". . . the old Cartesian view of humans standing outside and manipulating systems like puppeteers is no longer valid We react to nature, nature reacts to us, and the ultimate outcome may not be predictable. The technology of reductionism is not sufficient to cope with the 'certain uncertainty' that, paradoxically, has been magnified by our own power to manipulate. We must also invoke a technology of holism that draws on and learns from the robustness of nature. In doing so, we in a sense return to the ancient notion that the variety of ways in which humans interact with nature cannot be compartmentalized, but represent a whole that gives humankind vitality and balance. "
Time is short.
1. Kimmins, l.P. 1977. Evaluation of the consequences for future tree productivity of the loss of nutrients in whole-tree harvesting. Forest Ecology and Management 1:169-183.
2. Leaf, A. (ed.) 1979. Impact of Intensive Harvesting on Forest Nutrient Cycling. Northeast Forest Experiment Station; Broomhall, PA and State University of New York, College of Environmental Science and Forestry; Syracuse, NY. 421 pp.
3. Federer, C.A., J.W. Hornbeck, L.M. Tritton, C.W. Martin and C.T. Smith. 1988. Long-term depletion of calcium and other nutrients. Proceedings of the International Symposium on Acidic Deposition and Forest Decline. October 20, 21, 1988. State University of New York, Syracuse, NY.
4. Perry, D.A., and S.L. Rose. 1988. Site preparation effects on forest productivity. In R Powers (ed.). Proceedings of the California Conference on Forest Nutrition. U.S. Forest Service Pacific Southwest Forest and Range Experiment Station (in press).
5. Powers, R 1988. Long term productivity: de fining the issues. In Perry, D.A., R. Meurisse, B. Thomas R Miller J. Means, R Sollins, K. Cromack Jr. (eds.). 1988. Maintaining Long Term Productivity of Pacific Northwest Forest Ecosystems. Portland, OR: Timber Press (in press).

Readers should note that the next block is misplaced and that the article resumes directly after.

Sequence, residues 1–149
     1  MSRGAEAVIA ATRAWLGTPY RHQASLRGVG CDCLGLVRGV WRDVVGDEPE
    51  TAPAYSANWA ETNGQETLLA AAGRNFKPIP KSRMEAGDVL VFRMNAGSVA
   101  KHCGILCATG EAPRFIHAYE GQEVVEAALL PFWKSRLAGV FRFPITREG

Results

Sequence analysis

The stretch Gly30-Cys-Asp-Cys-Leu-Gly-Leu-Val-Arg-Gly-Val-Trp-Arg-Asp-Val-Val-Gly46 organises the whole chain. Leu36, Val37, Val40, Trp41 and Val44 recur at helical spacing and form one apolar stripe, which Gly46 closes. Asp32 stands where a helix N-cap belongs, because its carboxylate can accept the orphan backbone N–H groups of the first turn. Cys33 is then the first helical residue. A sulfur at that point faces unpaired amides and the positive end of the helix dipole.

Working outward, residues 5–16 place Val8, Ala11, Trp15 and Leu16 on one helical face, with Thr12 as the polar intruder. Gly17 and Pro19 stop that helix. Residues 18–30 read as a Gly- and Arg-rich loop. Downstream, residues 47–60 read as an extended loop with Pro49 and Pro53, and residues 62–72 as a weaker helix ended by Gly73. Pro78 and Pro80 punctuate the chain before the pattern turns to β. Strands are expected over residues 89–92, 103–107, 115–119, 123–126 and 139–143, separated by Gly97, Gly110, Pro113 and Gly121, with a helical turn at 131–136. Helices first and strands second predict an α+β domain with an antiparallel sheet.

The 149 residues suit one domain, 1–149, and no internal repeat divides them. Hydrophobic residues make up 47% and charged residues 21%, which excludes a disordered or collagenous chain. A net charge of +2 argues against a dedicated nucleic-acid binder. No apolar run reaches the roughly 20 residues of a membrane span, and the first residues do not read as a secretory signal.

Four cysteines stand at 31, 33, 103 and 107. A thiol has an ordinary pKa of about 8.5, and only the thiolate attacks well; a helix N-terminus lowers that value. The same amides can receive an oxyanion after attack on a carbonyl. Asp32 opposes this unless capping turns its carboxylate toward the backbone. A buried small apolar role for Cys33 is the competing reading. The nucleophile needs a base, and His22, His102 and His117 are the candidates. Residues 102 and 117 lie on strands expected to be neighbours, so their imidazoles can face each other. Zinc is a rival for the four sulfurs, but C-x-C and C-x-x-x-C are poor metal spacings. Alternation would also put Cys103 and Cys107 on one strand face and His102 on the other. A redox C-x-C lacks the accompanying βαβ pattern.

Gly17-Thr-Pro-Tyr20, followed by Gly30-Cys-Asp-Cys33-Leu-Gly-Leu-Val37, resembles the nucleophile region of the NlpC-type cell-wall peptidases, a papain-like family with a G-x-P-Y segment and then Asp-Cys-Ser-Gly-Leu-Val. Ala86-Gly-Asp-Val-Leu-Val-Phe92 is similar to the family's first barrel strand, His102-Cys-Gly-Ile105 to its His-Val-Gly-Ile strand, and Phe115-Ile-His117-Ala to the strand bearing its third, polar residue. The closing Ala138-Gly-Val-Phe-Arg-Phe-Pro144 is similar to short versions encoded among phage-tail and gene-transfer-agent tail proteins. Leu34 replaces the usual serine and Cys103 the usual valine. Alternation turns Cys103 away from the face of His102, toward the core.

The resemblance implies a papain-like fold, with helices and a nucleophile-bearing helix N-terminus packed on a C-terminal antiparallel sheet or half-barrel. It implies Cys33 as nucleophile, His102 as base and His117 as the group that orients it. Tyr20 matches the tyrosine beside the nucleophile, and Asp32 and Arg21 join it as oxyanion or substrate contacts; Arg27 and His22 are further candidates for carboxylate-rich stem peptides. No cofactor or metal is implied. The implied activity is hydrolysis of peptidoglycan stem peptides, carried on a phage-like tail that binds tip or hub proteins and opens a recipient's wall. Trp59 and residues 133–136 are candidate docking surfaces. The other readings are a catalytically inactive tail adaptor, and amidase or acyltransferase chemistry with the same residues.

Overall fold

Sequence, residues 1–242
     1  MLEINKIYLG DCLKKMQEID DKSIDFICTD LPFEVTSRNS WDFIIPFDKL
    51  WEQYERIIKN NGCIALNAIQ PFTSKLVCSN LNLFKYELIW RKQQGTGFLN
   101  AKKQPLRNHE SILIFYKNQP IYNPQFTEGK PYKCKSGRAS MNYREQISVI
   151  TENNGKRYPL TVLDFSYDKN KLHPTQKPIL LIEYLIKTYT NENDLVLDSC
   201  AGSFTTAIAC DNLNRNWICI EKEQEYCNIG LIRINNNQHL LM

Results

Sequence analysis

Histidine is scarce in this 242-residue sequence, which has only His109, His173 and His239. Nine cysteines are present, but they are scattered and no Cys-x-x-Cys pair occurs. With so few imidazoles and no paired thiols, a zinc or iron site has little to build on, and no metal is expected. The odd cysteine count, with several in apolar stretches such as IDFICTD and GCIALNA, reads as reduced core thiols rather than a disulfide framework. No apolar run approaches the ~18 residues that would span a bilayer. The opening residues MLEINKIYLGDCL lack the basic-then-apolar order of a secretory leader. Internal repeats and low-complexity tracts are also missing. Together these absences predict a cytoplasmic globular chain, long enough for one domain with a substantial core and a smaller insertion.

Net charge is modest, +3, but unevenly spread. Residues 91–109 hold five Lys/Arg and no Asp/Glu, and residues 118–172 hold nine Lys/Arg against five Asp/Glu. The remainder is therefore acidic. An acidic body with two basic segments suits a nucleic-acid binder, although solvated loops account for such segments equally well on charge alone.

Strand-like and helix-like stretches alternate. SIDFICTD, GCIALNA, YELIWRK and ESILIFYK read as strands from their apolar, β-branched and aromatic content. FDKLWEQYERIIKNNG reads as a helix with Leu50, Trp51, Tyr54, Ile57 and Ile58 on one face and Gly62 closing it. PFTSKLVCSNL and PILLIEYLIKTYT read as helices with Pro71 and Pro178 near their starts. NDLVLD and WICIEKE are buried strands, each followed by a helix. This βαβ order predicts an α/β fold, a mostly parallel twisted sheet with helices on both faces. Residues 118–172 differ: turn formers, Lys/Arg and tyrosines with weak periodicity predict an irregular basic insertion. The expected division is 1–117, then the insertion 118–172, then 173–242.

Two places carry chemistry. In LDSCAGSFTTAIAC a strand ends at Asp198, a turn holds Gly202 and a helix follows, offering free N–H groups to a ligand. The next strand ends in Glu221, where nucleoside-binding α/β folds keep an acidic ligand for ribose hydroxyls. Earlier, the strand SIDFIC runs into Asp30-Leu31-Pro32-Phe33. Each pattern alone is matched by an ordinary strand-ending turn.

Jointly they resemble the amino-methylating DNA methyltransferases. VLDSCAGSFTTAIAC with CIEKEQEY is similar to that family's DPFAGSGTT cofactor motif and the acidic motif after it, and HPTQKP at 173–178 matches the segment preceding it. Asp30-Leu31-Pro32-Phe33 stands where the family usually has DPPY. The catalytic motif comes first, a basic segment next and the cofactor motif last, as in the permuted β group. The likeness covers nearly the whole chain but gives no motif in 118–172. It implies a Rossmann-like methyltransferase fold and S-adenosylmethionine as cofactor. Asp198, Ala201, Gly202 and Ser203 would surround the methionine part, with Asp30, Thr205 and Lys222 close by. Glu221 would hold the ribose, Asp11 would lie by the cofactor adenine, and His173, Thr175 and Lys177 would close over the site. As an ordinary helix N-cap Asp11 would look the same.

6. Harvey, A. 1988. Managing productivity processes in interior forests--mixed conifers and pines. In Perry, D.A., R. Meurisse, B. Thomas, R Miller, J. Means, R Sollins, K. Cromack Jr. (eds.). 1988. Maintaining Long Term Productivity of Pacific Northwest Forest Ecosystems. Portland, OR: Timber Press (in ` press).
7. Bormann, F.H. and G.E. Likens. 1979. Pattern and Process in a Forested Ecosystem. New York, NY: Springer-Verlag.
8.Sollins, R and F.M. McCorison. 1981. Nitrogen and carbon solution chemistry of an old growth coniferous forest watershed before and after cutting. Water Resources Research 17: 1409 1418.
9. Rickleffs, R 1987. Local and regional control over biotic diversity. Science 235: 167-171.
10. Franklin, J.F., T. Spiess, D.A. Perry, M. Harmon, and A. McKee. 1986. Modifying Douglas-fir management regimes for nontimber objectives. In C.D. Oliver, D.R Hanley, and J.A. Johnson (eds.) L70uglas-fir: Stand Management for the Future. College of Forest Resources; University of Washington; Seattle, WA. pp. 373-379.
I I. Briggs, D.G., and W. R. Smith. 1986. Effects of silvicultural practices on wood properties of conifers: a review. In C.D. Oliver, D.R Hanley, and J.A. Johnson (eds.) Douglas-fir: Stand Management for the Future. College of Forest Resources; University of Washington; Seattle, WA. pp.l08-117.
12. Pimm, S.L. 1984. The complexity and stability of ecosystems. Nature 307: 321-326.
13. Perry, D.A., and J. Maghembe. 1988. Ecosystem concepts and current trends in forest management: time for reappraisal. Forest Ecology and Management (in press).
14. Perry, D.A. 1979. Variability within and between tree species. In E.D. Ford and M. Cannell (eds.). The Ecology of Even Aged Plantations. Institute of Terrestrial Ecology; Abbots Wood, U.K.
15. Hamrick, J.L. 1983. The distribution of genetic variation within and among naturel plant populations. In C. Schonewald-Cox, S.M. Chambers, B. MacBryde, and W.L. Thomas (eds.) Genetics and Conservation. London, U.K.: Benjamin/Cummings. pp. 317-324.
16.Schonewald, C., S.M. Chambers, B. MacBryde, and W.L. Thomas (eds.) 1983. Genetics and Conservation. London, U.K: Benjamin/ Cummings.
17.Ekins, R (ed.) 1986. The Living Economy. London, UK: Routledge and Kegan Paul. 398 PP.
18. Berman, M. 1984. The Re-enchantment of the World. Toronto, Canada: Bantam Press. 366 PP.
Citation for this article: Perry, D.A., 1988, "An overview of sustainable forestry", Journal of Pesticides Reform, Vol. 8, No.3, Fall 1988, pp 8 - 12.
Copyright © 1988 Northwest Coalition for Alternatives to Pesticides.
Reprinted with permission.